The abandoned refugee child is a powerful yet simplistic cultural trope that can inspire intense, sympathetic reactions to asylum seekers but cannot sustain that sympathy in more complex contexts. In contrast, literary novels unpack the intricacies, details, and nuances of refugee children’s experiences, serving as a reliable representation of reality and a winsome pedagogical tool for increasing curiosity and attention to refugee children. As cultural pedagogy, refugee fiction promotes public discussions around the complex situations of vulnerable children, educates readers about sovereignty as responsibility, and thus mobilises and nuances the political will to fulfill a nation’s responsibility to protect. This article uses the example of Stella Leventoyannis Harvey’s Canadian novel The Brink of Freedom, which embeds complex, even contradictory, representations of R2P issues into the concrete, intimate details of a displaced child’s perspective.
J. Marshall Beier
Whether in the rhetorical strategies of the campaign to ban landmines, appeals for famine relief, or the present historical apex of mass refugee migration, deployed images of abject childhood are central to the visual economies of humanitarian crisis. As the quintessential innocents deemed in need of protection, children are constructed outside of meaningful subjecthood and objectified as the evocative ‘scenery’ of the politics of protection. As such, children’s place in these visual economies together with their relative voicelessness are particularly revealing of how the concept of protection is beset by a paradox it cannot resolve: simultaneously imperative in consequence of diminished political subjecthood and itself demeaning of that same subjecthood. Tracing the problematique of children’s agency and subjecthood through the UN Convention on the Rights of the Child and applicable aspects of legal regimes in Canada both beholden to the Convention and charged with care and protection of children, this article offers insights relevant to, but perhaps less immediately apparent, in the context of the R2P regarding the tricky and fraught intersections of childhood, subjecthood, and protection.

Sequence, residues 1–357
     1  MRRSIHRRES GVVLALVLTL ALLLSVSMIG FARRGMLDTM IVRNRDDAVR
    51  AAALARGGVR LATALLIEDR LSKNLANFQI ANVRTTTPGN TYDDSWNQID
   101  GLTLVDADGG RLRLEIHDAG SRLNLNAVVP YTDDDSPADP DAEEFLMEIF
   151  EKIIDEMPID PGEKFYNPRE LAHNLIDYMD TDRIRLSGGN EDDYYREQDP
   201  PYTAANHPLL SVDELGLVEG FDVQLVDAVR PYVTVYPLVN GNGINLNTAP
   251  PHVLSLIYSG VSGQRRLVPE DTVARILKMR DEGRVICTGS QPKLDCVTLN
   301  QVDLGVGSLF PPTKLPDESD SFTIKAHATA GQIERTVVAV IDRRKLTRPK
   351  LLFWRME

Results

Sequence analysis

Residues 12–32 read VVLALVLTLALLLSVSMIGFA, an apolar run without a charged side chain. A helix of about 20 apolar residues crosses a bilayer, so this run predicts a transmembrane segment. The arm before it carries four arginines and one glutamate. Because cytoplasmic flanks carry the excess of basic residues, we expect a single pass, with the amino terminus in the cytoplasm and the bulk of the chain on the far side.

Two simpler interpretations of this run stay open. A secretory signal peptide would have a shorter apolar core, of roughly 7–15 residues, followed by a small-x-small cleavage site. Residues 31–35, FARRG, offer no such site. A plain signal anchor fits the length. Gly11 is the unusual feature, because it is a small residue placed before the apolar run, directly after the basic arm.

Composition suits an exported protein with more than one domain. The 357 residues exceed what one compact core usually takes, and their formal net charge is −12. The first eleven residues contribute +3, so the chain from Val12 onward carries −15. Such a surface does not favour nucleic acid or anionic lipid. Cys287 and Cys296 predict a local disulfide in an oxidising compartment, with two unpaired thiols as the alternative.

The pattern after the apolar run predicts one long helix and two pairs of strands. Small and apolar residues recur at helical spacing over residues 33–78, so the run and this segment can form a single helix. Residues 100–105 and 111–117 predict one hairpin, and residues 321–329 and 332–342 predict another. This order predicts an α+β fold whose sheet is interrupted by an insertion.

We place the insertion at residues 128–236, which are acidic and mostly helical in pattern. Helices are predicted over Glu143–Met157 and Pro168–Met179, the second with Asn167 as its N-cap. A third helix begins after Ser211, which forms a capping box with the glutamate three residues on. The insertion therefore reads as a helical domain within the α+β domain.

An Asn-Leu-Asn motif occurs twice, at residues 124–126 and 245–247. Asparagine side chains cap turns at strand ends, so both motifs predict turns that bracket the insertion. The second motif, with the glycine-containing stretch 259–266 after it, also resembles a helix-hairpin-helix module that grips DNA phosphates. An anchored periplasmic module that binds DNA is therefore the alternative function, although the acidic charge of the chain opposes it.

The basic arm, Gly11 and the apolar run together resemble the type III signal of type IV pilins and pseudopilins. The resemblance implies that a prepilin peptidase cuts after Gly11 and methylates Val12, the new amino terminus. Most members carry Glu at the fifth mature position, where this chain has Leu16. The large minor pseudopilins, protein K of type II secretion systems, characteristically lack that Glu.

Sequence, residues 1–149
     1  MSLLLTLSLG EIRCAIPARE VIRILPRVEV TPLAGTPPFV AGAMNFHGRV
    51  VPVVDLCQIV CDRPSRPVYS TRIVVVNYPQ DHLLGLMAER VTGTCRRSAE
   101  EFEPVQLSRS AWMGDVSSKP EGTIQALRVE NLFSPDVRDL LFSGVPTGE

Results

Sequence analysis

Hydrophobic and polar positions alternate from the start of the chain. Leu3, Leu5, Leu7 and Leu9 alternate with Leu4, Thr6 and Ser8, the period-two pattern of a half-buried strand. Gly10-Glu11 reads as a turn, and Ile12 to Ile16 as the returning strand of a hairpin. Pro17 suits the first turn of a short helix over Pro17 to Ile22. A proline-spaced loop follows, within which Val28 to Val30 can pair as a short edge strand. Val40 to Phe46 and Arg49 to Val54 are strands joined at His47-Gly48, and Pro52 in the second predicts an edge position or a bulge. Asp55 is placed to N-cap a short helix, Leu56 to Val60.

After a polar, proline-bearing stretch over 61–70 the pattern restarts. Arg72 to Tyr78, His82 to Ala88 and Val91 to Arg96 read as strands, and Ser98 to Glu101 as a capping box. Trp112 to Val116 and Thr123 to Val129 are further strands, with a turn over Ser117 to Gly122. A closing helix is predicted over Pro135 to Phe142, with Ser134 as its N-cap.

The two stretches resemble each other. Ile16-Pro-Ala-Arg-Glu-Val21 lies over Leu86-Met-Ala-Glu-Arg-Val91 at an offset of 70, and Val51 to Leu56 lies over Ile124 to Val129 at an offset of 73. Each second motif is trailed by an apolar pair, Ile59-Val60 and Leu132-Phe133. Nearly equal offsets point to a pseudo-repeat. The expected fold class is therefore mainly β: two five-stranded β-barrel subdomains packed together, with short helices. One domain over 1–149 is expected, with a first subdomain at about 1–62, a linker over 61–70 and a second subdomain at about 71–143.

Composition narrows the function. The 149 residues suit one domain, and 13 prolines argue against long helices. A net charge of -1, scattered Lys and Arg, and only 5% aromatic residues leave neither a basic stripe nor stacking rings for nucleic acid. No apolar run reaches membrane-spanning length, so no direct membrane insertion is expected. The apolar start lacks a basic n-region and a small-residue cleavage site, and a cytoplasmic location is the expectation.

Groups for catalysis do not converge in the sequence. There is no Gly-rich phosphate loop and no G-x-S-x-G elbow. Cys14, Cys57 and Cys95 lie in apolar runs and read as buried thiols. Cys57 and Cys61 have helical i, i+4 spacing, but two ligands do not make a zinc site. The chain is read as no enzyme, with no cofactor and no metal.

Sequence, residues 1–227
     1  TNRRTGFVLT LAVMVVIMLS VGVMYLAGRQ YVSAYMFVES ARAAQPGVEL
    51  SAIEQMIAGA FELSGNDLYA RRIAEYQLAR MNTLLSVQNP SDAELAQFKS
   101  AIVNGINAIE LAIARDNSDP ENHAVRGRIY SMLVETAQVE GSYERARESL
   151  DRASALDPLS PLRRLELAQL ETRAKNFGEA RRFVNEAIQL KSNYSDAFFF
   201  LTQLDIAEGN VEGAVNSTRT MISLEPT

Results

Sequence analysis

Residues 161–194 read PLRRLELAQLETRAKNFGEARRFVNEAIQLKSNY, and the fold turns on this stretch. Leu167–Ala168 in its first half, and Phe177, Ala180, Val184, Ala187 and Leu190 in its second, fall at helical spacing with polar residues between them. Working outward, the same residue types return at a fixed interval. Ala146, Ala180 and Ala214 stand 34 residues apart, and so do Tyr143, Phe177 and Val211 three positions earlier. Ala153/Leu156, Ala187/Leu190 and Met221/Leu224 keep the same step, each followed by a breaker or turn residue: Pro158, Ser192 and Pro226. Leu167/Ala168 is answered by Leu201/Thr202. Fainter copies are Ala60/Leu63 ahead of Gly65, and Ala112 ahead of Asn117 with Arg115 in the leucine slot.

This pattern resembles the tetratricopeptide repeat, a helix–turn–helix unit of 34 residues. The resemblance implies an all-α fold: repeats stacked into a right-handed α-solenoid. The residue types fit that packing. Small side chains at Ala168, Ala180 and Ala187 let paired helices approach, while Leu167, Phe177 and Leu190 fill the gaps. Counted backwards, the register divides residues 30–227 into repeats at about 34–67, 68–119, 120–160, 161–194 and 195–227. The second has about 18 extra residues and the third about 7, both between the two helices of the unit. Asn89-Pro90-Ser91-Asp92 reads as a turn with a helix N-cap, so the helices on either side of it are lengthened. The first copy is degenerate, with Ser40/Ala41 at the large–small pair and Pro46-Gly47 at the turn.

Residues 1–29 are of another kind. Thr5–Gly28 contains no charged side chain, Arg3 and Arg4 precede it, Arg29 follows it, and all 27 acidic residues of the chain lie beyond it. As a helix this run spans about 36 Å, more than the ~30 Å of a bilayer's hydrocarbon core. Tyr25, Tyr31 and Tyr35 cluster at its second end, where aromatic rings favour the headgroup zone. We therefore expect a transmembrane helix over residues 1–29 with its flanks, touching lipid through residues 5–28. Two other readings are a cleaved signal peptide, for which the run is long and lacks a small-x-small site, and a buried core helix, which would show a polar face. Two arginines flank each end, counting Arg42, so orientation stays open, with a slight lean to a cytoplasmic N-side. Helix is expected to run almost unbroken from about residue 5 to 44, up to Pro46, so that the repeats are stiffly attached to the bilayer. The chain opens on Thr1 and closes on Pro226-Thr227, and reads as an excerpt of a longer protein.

Children are disproportionately affected in violent conflict, are vulnerable to exploitation, and lack protection when a state is failing in its responsibility to protect. In the Israeli/Palestinian conflict, children, particularly those living in Gaza, East Jerusalem, and parts of the West Bank are not only vulnerable during escalations but are subject to exploitation, detentions, and severe security measures. Divisions over culpability have made the local representatives and the international community incapable or unwilling to take collective action to protect this most vulnerable population. Given the divisive international context, are there R2P tools that can be used effectively to enhance protection for children and teenagers in the Israeli/Palestinian conflict? The focus on the protection of children demonstrates first, the need to closely analyse current protection tools particularly under Pillar III of R2P; second, the importance to eradicate unintended effects of protection efforts, and third, the potential contribution of focus on children towards reaching a consensus on a protection regime.